Kerry McDonald – November 29, 2018
I hated going to school when I was a kid. It was torture,” said Elon Musk while describing Ad Astra, the school he opened on the California campus of his SpaceX company’s headquarters. In 2014, Musk pulled his five boys out of an elite private school in Los Angeles and decided to open his own school for his children and the children of some of his SpaceX employees. He recruited one of his sons’ former schoolteachers to help run the school, which currently serves about 50 students.
Disruptive Alternatives to Traditional Schooling
In a 2015 interview about the school, the billionaire inventor said: “The regular schools weren’t doing the things that I thought should be done. So I thought, well, let’s see what we can do.” Ad Astra, which means “to the stars,” disrupts the very idea of school. It has no grade levels, an emergent curriculum, and no mandatory classes. As Fortune reports, “There are no grades given to students at the school and if the children don’t like a particular class they’re taking, they can simply opt out.”
At Ad Astra, young people work collaboratively on projects ranging from robotics and coding to chemistry and math. Creative problem solving is a guiding principle. According to the Washington Post: “There are no sports, music or languages taught. Musk believes computer-assisted language translation is not far from being widely available.”
A Growing Trend
Recognizing a mismatch between coercive schooling and the rise of a creative economy where human ingenuity will be our key professional advantage when competing with robots, innovative companies are increasingly launching their own unconventional schools. WeWork, the co-working office space company now valued at $45 billion, launched its alternative school, WeGrow, in 2017 in its New York City headquarters. It now has 46 students in grades pre-K through fourth grade. Like Musk’s Ad Astra, WeGrow sprouted because WeWork’s founding partner and chief brand officer, Rebekah Neumann, wanted a different educational experience for her five young children. In an interview with Fast Company, Neumann said: “These children come into the world, they are very evolved, they are very special. They’re spiritual. They’re all natural entrepreneurs, natural humanitarians, and then it seems like we squash it all out of them in the education system.” Neumann continued:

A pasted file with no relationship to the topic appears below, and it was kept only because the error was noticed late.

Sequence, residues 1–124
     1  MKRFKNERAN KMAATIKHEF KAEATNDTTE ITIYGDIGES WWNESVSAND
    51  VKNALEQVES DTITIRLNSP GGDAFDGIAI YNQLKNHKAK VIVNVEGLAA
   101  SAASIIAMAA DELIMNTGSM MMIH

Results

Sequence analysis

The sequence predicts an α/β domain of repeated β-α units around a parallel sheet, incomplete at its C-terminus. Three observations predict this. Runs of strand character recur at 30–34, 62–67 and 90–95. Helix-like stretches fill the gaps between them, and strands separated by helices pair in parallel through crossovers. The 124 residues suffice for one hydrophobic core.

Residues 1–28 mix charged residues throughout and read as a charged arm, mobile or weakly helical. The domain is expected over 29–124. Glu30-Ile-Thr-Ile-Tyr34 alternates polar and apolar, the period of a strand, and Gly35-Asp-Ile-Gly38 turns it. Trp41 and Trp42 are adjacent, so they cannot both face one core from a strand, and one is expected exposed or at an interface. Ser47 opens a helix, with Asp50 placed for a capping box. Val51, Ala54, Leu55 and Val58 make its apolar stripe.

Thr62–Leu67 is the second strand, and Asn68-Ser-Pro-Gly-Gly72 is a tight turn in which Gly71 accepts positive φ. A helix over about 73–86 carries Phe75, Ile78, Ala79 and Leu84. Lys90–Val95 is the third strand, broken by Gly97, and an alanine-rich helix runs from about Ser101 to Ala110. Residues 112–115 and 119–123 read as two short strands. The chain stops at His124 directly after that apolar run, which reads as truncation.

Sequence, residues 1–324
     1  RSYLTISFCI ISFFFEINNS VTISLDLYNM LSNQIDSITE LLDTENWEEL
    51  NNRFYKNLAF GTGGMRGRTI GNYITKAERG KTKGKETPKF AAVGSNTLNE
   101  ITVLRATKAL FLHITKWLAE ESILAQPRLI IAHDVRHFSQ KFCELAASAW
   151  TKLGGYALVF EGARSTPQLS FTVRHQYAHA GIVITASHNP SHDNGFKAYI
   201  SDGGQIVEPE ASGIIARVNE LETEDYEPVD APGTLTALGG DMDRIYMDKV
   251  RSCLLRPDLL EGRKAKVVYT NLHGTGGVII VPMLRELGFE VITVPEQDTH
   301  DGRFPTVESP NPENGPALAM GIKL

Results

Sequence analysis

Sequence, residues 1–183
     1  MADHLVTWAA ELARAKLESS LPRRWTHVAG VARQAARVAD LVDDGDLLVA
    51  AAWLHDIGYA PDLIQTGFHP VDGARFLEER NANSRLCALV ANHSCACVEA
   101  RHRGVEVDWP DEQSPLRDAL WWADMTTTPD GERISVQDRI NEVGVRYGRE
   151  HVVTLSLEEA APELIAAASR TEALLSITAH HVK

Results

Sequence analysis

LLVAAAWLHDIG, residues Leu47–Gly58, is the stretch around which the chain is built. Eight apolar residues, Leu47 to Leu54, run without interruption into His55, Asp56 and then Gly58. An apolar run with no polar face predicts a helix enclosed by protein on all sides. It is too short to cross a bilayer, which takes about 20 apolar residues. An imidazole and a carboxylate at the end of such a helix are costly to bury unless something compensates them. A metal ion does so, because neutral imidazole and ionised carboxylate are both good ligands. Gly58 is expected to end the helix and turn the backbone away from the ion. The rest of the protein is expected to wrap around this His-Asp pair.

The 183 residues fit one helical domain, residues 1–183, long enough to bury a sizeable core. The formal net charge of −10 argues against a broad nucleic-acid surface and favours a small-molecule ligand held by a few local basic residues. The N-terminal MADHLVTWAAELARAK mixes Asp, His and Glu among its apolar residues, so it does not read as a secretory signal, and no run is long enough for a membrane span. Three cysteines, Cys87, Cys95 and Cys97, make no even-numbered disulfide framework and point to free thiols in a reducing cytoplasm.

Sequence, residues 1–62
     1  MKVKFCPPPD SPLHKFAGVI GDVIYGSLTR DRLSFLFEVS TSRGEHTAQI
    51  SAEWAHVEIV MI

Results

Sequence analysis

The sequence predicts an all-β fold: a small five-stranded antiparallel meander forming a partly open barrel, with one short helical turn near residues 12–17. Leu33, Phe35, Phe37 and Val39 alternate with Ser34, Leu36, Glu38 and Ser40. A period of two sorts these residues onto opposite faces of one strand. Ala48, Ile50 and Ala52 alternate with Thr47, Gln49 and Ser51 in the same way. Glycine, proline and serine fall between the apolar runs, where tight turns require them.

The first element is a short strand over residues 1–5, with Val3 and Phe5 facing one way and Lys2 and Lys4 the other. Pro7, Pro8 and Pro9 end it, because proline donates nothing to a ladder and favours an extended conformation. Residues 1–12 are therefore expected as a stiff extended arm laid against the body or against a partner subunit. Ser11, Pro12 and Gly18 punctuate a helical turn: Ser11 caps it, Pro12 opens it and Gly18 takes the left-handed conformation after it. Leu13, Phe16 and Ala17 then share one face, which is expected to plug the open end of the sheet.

The whole format was created during the Industrial Revolution, so that people would grow up and learn how to take orders on an assembly line…A lot of parents say, “Schools are not doing it right. But we’re going to kind of go with that anyway because there’s no better option.” I just wasn’t willing to accept that, especially during such formative years.
WeGrow and Ad Astra share a similar educational philosophy focused on cultivating children’s passions, immersing them in authentic projects, and encouraging an entrepreneurial spirit. WeGrow hopes to expand its schooling network alongside its WeWork shared-office network, offering WeWork members and employees a flexible, on-site, alternative education option for their children. Neumann describes her vision for WeGrow: “We have WeWorks located all around the world, thank God. A lot of members don’t see their kids for many, many hours a day. So I’m passionate about actually opening these schools inside WeWork buildings, so that parents can bring their kids to school, see them possibly at lunch, maybe bring them home.” Neumann also sees the value of the WeGrow school network in an increasingly global economy:
The idea that once your kids enter kindergarten you cannot move around the world anymore is completely archaic…We have many global entrepreneurs, citizens of the world, who want to live global lifestyles or need to for work.
Entrepreneurs are notoriously ahead of the curve. It’s no surprise that successful, forward-thinking company founders are rejecting an outdated conventional schooling model and building something new and better—for their children, for their employees’ children, and, as is the case with WeWork, for their customers’ children, as well. With entrepreneurial parents at the helm, the future of education looks bright.
This article was originally published at Fee.org. Kerry McDonald (@kerry_edu) has a B.A. in Economics from Bowdoin and an M.Ed. in education policy from Harvard. She lives in Cambridge, Mass. with her husband and four never-been-schooled children. Kerry is the author of the forthcoming book, Unschooled: Raising Curious, Well-Educated Children Outside the Conventional Classroom (Chicago Review Press). Follow her writing at Whole Family Learning.